Dutch Elm Disease on American Elm Trees

Ulmus Americana Before the Invasion

giant elm tree
ThereseMcK / Getty Images

Bruce Carley, in his article on saving American elm trees from Dutch elm disease, paints a pretty picture of Main Street USA in the first half of the 20th century. It was a street typically lined with these majestic giants, which unfurled their weeping branches Rapunzel-like over the heads of passersby, affording shade on hot summer afternoons. There was no other tree quite like them. But the nightmare of the disease brought about a swift demise to scenes such as the following:

"The interweaving limbs of the stately trees that lined the streets ascended into a towering canopy with a graceful, arching beauty...spreading horizontally at heights often greatly exceeding 100 feet...." [Bruce Carley]

Dutch elm disease (Ceratocystis ulmi) changed all that. Dutch elm disease is a wilt fungus that grows in the sapwood of elms. The fungus was first encountered in 1921 in the Netherlands. Over the next few years elms across central and southern Europe were found to be succumbing to the fungus.

History of Dutch Elm Disease: The Demise of American Elm Trees

But American elm trees (Ulmus americana) are the most susceptible of all to Dutch elm disease. American elm trees are also known as water elms, soft elms, white elms or Florida elms. American elm trees are found throughout Eastern and Central North America. Their range extends as far south as northern Texas and Florida.

Cleveland, Ohio witnessed the first case of Dutch elm disease in the U.S., in 1930.

Apparently, this silent killer arrived in a shipment of logs from France. But Dutch elm disease spread East quickly: Within two years American elm trees in New Jersey were falling prey to the deadly fungus.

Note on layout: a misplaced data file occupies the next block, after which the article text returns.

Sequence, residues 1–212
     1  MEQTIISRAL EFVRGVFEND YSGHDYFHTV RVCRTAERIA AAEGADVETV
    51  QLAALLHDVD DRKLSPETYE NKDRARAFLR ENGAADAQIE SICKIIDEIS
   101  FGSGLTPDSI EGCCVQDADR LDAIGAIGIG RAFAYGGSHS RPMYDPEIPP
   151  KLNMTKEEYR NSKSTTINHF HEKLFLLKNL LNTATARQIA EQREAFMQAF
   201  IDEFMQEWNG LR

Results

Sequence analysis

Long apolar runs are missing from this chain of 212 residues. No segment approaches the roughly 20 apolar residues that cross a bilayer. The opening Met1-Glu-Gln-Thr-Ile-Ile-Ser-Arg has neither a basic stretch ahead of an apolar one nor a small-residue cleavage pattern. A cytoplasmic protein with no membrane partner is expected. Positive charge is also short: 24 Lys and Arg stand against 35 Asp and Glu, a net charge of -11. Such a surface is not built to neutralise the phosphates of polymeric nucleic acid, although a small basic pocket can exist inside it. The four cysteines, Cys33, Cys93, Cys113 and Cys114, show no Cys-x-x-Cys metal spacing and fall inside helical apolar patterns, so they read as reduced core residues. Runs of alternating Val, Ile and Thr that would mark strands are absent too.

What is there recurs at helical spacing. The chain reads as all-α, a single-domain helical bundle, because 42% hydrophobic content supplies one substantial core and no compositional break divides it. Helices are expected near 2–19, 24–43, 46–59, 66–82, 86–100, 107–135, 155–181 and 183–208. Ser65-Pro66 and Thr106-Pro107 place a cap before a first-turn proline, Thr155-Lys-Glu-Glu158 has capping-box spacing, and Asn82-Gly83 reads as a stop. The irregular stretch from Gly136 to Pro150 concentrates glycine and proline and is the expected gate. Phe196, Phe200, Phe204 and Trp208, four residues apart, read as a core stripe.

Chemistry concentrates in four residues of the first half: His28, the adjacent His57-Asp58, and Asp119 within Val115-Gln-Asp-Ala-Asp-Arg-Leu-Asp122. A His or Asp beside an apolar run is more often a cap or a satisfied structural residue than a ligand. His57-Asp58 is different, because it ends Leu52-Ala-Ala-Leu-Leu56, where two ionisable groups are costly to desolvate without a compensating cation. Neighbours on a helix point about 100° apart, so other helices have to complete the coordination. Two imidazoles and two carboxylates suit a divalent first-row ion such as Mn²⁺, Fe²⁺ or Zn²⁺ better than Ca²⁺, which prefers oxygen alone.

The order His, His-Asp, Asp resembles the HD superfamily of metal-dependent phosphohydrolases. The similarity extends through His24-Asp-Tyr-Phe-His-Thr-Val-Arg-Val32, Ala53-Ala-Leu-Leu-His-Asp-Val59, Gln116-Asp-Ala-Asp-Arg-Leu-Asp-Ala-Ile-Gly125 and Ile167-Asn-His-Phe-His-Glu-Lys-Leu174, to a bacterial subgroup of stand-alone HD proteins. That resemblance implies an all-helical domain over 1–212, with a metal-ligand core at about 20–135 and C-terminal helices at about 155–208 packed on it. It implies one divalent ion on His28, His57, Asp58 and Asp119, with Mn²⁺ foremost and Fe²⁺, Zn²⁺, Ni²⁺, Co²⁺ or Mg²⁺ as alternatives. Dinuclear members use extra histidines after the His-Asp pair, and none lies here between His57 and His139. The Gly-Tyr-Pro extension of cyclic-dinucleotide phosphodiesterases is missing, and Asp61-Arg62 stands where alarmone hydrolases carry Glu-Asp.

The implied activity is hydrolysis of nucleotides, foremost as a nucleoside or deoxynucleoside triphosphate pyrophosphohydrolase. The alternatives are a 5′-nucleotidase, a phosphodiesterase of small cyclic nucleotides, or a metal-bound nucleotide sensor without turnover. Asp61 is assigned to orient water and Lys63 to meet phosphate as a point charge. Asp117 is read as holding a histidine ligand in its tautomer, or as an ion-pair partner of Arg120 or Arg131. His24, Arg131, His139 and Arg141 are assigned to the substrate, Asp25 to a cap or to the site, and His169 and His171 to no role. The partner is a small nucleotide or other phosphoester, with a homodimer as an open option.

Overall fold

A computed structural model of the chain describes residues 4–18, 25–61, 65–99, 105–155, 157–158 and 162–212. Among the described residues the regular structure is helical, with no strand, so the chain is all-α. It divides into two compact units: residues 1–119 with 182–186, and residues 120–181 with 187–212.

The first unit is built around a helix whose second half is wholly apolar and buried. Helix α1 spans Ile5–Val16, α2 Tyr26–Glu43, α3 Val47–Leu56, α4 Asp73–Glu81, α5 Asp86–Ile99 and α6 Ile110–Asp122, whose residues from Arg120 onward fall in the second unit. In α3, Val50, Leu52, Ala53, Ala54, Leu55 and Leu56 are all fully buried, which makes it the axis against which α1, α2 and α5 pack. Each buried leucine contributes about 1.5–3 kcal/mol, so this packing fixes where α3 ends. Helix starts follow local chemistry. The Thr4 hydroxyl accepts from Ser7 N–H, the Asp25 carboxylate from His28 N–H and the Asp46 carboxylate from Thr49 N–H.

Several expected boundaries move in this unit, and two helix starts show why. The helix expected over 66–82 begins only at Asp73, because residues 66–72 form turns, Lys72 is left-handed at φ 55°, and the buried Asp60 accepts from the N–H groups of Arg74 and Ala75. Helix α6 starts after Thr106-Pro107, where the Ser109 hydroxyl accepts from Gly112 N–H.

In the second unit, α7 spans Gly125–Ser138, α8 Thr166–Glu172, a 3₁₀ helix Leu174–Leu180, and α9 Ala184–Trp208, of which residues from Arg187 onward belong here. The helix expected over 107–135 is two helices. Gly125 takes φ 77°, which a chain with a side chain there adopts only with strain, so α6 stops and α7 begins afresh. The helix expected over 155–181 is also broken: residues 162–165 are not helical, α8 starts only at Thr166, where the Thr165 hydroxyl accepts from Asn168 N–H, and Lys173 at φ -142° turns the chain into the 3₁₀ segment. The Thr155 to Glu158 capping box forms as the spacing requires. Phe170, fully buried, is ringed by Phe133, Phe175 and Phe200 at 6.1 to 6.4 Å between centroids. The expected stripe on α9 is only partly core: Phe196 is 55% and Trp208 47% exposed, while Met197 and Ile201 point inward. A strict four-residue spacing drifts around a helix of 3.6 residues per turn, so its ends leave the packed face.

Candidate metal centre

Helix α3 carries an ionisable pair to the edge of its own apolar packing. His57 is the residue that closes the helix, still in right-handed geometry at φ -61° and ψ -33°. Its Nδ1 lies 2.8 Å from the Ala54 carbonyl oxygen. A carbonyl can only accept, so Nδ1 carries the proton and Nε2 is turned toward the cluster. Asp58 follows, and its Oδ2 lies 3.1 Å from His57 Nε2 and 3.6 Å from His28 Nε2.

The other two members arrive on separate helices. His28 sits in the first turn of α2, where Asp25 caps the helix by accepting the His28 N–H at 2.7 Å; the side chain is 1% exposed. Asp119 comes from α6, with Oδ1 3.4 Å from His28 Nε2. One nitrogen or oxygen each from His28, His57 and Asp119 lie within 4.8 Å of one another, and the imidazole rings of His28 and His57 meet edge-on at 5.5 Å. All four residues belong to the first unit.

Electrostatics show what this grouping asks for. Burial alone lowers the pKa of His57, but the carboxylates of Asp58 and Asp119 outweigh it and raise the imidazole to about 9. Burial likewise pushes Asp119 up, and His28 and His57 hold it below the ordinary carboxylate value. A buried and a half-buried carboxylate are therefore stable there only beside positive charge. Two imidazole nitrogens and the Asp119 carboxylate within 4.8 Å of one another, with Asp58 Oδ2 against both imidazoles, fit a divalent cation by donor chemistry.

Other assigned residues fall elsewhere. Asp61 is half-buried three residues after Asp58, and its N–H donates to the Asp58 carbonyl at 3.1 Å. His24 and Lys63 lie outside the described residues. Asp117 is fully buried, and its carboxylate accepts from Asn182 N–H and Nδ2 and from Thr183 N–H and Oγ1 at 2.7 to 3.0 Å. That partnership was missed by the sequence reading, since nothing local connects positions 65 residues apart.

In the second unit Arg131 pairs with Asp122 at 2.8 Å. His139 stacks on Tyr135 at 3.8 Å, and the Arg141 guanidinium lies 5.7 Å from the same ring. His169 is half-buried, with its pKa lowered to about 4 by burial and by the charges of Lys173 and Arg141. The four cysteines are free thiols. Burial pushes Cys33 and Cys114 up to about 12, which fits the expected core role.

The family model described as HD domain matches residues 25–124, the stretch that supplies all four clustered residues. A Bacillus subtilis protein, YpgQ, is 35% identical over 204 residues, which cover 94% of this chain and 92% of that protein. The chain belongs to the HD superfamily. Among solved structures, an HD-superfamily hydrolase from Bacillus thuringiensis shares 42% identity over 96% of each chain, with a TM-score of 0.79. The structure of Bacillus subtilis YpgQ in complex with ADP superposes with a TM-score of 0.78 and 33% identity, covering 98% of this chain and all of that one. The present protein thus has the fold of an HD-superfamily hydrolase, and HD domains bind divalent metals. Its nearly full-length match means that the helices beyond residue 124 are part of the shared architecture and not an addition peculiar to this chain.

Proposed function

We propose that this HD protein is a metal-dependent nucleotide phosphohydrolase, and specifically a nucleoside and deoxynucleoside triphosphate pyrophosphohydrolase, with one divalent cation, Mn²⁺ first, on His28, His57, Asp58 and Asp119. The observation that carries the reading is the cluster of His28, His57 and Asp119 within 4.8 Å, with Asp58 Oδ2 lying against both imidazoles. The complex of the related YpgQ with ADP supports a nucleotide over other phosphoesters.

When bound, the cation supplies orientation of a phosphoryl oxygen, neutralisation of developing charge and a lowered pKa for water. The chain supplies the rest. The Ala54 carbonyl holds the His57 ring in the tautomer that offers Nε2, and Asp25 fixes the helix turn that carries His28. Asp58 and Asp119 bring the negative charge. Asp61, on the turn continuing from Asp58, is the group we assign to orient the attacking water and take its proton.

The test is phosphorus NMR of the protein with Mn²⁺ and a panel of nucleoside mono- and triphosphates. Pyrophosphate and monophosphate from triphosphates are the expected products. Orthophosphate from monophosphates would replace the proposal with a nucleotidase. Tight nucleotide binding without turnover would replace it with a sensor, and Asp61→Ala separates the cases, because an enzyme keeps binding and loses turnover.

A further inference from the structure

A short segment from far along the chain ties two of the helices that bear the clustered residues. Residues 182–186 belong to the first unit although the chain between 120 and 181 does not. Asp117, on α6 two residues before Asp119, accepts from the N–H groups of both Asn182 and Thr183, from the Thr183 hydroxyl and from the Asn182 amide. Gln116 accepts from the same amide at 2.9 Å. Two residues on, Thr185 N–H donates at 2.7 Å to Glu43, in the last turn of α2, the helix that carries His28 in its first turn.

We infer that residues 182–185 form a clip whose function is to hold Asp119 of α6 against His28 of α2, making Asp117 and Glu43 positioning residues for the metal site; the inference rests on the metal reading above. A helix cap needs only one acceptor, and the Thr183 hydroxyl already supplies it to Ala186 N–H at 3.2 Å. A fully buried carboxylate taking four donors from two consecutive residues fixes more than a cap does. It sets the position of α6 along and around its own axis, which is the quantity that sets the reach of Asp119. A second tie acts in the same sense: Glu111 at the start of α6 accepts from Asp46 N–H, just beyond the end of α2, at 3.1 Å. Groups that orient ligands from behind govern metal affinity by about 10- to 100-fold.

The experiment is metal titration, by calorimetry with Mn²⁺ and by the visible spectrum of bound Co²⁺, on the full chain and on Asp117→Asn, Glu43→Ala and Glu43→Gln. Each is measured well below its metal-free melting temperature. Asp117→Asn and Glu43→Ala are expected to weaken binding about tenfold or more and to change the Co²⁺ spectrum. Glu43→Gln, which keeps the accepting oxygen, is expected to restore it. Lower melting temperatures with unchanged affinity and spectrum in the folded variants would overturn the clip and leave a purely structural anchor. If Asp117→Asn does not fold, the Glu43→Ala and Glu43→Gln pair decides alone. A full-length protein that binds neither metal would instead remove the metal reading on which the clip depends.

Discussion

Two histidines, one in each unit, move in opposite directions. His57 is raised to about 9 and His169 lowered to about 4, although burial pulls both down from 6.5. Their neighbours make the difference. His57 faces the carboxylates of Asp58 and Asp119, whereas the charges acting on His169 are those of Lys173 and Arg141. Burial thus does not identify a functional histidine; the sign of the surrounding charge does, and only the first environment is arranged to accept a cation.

The Dutch elm disease had "killed 77 million trees by 1970," wrote Phil McCombs in a 2001 Washington Post story that begins with this picturesque description of how American elm trees once lined the streets of many a town:

"Once upon a time in America, great leafy high-arching cathedrals of elms lined the streets of villages and cities from the Atlantic to the Rockies, casting a deep cool shade upon life's turmoil."

Why Dutch Elm Disease Hit American Elm Trees So Hard

For all the tranquility such mass plantings bestowed, this monocultural practice was one of the culprits in the downfall of American elm trees. The deadly fungus, it turns out, can spread underground from the roots of one victim to the roots of another nearby. This is what happened when the roots of adjacent American elm trees "grafted" together, essentially linking the lives of what had been two distinct entities.

The demise of one thus became the demise of the other. The monoculture and its consequent root grafting meant that infected sap could pass from one American elm tree to another in a chain reaction that would decimate a whole row along a street. But the planting of American elm trees en masse was not the sole culprit. The microscopic spores of the fungus are also transmitted from diseased victims to healthy specimens by two kinds of beetle that tunnel under the bark.

One is a European bark beetle (Scolytus multistriatus), an import that preceded Dutch elm disease itself. The other beetle is a native bark beetle, Hylurgopinus rufipes. Photos of both of these carriers of Dutch elm disease can be found at the Utah State extension site, as well as additional information about Dutch elm disease.